“My friends, the issues that we are dealing with are enormously complicated. Nobody I know has any simple or magical answers to them, and real solutions will require a great deal of hard work. But what I do know is that the United States of America should lead the world with a foreign policy which emphasizes the need to bring nations together, which focuses on diplomacy and international cooperation, rather than a foreign policy that emphasizes the continued use of military force.

And let me also say this. As someone who believes absolutely and unequivocally in Israel’s right to exist, and to exist in peace and security, as someone who as a young man lived in Israel for a number of months and is very proud of his Jewish heritage, as someone who is deeply concerned about the global rise of anti-Semitism and all forms of racism, we must say loudly and clearly that to oppose the reactionary policies of Prime Minister Netanyahu does not make us anti-Israel.” -329

Supreme Court’s Recent Failings
“In the past decade, a right-wing Supreme Court has issued some incredibly destructive decisions, often by a 5–4 vote, that have had a profound impact upon every man, woman, and child in America. Just a few examples:

The Supreme Court has helped create a corrupt campaign finance system that substantially benefits the rich and the powerful against the needs of working people. Whether you are a progressive or a conservative or somewhere in between, you know that there is something profoundly wrong when a small number of billionaires can spend many hundreds of millions of dollars to try to buy elections. That is not what American democracy is supposed to be about, and the American people know it.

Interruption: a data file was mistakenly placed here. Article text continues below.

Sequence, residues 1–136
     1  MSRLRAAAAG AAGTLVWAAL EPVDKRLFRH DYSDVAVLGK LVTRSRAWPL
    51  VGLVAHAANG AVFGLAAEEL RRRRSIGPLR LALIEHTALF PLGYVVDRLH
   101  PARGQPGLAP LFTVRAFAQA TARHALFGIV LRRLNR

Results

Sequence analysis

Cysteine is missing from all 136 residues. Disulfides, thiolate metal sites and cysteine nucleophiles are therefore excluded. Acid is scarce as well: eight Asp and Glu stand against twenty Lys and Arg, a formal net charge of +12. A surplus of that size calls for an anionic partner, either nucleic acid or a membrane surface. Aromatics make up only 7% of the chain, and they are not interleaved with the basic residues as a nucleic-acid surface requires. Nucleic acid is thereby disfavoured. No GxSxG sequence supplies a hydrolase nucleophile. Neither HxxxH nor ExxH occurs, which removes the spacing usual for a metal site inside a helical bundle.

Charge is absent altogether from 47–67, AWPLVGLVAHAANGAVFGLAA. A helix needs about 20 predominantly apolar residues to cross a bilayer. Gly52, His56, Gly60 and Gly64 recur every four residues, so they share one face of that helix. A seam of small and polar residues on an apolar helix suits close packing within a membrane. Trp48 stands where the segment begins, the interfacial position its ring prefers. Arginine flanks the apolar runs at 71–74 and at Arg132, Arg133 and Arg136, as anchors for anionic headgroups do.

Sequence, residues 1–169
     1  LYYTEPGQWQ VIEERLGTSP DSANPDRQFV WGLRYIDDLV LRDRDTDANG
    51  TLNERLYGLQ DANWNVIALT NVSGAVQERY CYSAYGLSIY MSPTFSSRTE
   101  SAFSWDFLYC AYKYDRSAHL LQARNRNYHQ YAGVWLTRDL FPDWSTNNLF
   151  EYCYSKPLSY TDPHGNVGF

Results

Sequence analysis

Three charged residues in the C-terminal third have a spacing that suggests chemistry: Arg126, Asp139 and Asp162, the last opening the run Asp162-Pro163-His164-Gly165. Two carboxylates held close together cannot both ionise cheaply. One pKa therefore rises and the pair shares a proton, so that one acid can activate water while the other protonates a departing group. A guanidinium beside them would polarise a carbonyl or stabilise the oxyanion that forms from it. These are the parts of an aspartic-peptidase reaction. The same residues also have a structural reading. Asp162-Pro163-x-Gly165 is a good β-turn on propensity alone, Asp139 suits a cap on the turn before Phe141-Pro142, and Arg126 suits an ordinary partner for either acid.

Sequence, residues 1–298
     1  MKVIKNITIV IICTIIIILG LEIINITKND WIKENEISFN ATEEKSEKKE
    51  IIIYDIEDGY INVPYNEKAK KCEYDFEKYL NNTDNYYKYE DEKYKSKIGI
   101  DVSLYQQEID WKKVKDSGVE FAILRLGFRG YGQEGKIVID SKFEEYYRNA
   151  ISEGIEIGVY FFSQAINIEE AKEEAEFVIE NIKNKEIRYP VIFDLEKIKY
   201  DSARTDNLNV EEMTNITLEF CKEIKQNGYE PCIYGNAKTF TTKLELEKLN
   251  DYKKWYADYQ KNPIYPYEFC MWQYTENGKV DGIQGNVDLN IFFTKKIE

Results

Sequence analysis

What most Americans don’t know, however, is that this situation was created by a 5–4 Supreme Court vote in the Citizens United case of 2010, which struck down parts of the comprehensive bipartisan Continue reading

Favorite Passages – Thomas Merton’s ‘Seven Storey Mountain’ (1948)


My father and mother were captives in that world, knowing they did not belong with it or in it, and yet unable to get away from it. They were in the world and not of it-not because they were saints, but in a different way: because they were artists. The integrity of an artist lifts a man above the level of the world without delivering him from it.(3)

It seems strange that Father and Mother, who were concerned almost to the point of scrupulosity about keeping the minds of their sons uncontaminated by error and mediocrity and ugliness and sham, had not bothered to give us any formal religious training. The only explanation I have is the guess that Mother must have had strong views on the subject. Possibly she considered any organized religion below the standard of intellectual perfection she demanded of any child of hers. (9)
That summer was full of low sand dunes, and coarse grasses as sharp as wires, growing from the white sand. And the wind blew across the sand. And I saw the breakers of the grey Continue reading